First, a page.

You may have done 5 rounds of 20 reps of wall ball shots, lifted 4 sets of your 12- rep max for bar bell thrusts, swung the kettlebell 4 set of 15 reps, box jumped your butt off, climbed the rope to heaven and back and done everything else on the workout of the day (WOD) whiteboard, but you know what? You haven't gained an ounce of muscle from your CrossFit hell...yet.
Muscle growth can only happen AFTER you've stopped the workout and that makes your recovery strategy critical. As pointed out by Bodybuilding.com, "Muscles don't grow in the gym; they grow after. When you lift heavy, muscles suffer micro-tears and are actually broken down via a process called catabolism. Immediately after you lift, your body begins repairs, but it needs your help."
For those athletes who have heard the phrase "no pain, no gain" since they first started a fitness program, this first tip seems counter-intuitive if not downright blasphemy! While it is important to push oneself beyond that which is comfortable, it is not necessary to push past exhaustion EVERY time they open the box.
The best advice is to push yourself past what you did in the previous workout. Pushing the muscles just to the point where they can be repaired with rest and recovery is the optimal approach. Most (good) CrossFit trainer can help you determine this workout calculus.
Most CrossFit athletes understand the importance of post-workout nutrition – that's why there are so many people walking around, drenched in sweat and drinking a protein shake! However, the food consumed before the workout can also play an important role in post-workout recovery. As noted in a recent article, "Digestion is a lengthy process; proteins and carbs that you ingest prior to the workout will still be circulating in the body afterward. For this reason, choose your foods wisely. Make sure you get high-quality, lean protein along with some complex carbohydrates, especially if you plan on an intense workout. I recommend consuming your meals roughly two hours prior to your workout to avoid digestive issues or cramps." The potassium found in bananas is also an excellent recovery fuel.
Post-workout protein, especially whey, is vital if you haven't eaten anything for hours. Aim for 20-50 grams of protein after each workout depending on your bodyweight. Most women will do fine with 20 grams, while men should aim for the upper range.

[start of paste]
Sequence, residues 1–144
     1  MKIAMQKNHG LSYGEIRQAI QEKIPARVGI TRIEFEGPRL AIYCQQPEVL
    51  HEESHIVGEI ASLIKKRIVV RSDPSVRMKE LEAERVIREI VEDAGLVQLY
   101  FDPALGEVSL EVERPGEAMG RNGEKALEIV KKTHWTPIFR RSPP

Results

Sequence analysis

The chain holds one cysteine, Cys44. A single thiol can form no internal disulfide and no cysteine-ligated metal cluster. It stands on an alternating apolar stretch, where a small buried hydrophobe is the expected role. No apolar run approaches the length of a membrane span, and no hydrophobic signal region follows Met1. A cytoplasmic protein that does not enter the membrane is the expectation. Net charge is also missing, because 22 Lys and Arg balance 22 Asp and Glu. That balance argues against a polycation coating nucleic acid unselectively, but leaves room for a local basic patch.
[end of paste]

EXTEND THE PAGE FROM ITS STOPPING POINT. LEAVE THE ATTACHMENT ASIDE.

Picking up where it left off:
Many CrossFitters view stretching as a monumental waste of time. However, fitness experts and body builders know that proper stretching of exhausted muscles not only jump-start the recovery process but also build flexibility that allows for more muscle gain in most compound lifts.
Workout recovery does not have to be complicated. According to trainer, Dan DeLisle, "A hot bath is another great way to foster a faster recovery. This will increase blood circulation to the muscle tissue, which then means greater oxygen and nutrient delivery – two things that your tissues need for repair. A hot bath before bed can also lull you to sleep easier, and sleep is another very vital part of the recovery equation.
"If you aren’t getting at least 8 hours of sleep per night, it could be one reason you aren’t seeing the recovery you hope you would. Stay away from the alcohol and caffeine several hours before bedtime, but drink plenty of water."
Muscles that have been torn down by extensive work need a few days every week to repair themselves. DeListle notes, "The professional athlete standard of no days or only one day off per week will likely not be enough for those of us doing intense CrossFit training sessions. Instead, aim for two or three days off per week from all intense exercise.
"Do some leisure exercise if you wish, schedule mobility or yoga classes as mentioned previously, but most importantly, re-energize yourself for the week ahead."
Do you have a post-workout tip for helping tired, sore muscles recover quicker? Contact us and we will share with our readers.